On September 26, the Supreme Administrative Court denied an appeal against a 2014 decision by the Alexandria Judicial Court upholding a prohibition of the annual celebration of the birth of Rabbi Yaqoub bin Masoud, also known as Abu Hasira, at his tomb in the Beheira Governorate; ordered the removal of the shrine from the government’s list of Islamic, Jewish, and Coptic antiquities; and rejected a request to move the rabbi’s remains to Israel. The court justified its decision to prohibit the annual celebration, citing “moral offenses and disturbances to public order,” and ruled that the shrine lacked archaeological significance. The government first listed the tomb and the Jewish cemeteries surrounding it as antiquities in 2001. The court ordered the government to inform UNESCO of its decision.

While the Coptic Orthodox Church does not bar participation in government-sponsored customary reconciliation sessions, according to its spokesman, reconciliation sessions should not be used in lieu of application of the law and should be restricted to “clearing the air and making amends” following sectarian disputes or violence. At least one Coptic Orthodox diocese in Upper Egypt continued to refuse to participate in reconciliation sessions, criticizing such sessions as substitutes for criminal proceedings which would address attacks on Christians and their churches. Other Christian denominations continued to participate in customary reconciliation sessions. Human rights groups and some Christian community representatives characterized the practice as an encroachment on the principles of nondiscrimination and citizenship that regularly pressures Christians to retract their statements and deny facts, leading to the dropping of formal criminal charges.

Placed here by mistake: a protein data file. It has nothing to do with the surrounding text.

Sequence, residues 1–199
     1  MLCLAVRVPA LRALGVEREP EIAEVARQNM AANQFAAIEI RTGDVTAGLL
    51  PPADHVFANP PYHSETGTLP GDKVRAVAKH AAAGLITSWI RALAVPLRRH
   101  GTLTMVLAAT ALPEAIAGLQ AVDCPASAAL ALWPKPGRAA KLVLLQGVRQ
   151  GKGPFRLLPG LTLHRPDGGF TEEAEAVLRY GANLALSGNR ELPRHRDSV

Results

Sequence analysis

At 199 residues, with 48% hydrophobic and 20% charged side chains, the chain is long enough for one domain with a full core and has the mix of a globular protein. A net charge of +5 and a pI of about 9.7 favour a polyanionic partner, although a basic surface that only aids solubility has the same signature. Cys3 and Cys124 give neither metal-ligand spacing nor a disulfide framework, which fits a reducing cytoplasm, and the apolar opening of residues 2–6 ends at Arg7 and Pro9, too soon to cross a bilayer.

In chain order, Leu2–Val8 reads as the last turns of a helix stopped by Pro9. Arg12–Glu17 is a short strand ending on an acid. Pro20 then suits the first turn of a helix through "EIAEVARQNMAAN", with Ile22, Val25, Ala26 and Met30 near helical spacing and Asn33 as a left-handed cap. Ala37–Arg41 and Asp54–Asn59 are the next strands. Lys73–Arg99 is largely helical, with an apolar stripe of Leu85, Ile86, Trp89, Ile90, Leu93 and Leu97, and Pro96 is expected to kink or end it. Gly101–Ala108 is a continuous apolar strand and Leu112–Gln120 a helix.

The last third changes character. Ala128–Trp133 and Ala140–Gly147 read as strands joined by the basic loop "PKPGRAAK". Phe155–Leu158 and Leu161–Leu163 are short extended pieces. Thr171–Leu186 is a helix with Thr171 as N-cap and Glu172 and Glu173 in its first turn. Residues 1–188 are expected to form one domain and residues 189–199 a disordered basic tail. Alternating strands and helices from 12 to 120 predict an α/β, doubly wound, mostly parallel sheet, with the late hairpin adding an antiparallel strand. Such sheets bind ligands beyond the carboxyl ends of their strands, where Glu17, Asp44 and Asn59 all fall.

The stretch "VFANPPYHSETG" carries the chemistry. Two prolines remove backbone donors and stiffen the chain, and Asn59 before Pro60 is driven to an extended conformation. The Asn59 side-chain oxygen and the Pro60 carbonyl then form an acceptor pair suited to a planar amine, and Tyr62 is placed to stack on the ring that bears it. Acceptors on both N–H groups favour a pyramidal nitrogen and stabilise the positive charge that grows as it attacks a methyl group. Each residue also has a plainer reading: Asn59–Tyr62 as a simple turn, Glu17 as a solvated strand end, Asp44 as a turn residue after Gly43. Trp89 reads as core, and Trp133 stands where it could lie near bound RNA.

On March 20 and 21, the Coptic Orthodox Church and the Ministry of Awqaf announced the closure of all churches and mosques to curb the spread of COVID-19. Churches and mosques remained closed through August. Religious institutions made concerted efforts to persuade the population to address the spread of COVID-19. On March 29, the Ministry of Awqaf, explaining its decision to close mosques, said that a fundamental goal of Islamic law was to preserve life. On March 15, al-Azhar Council of Senior Scholars, the highest Islamic advisory body, declared it religiously permissible to suspend communal prayers in mosques to curb the spread of the pandemic. On March 17, Grand Mufti Shawky Allam said Egyptians should follow government guidelines on social distancing and hygiene, and on April 1, Dar al-Iftaa issued a fatwa encouraging the distribution of alms to workers affected by COVID-19.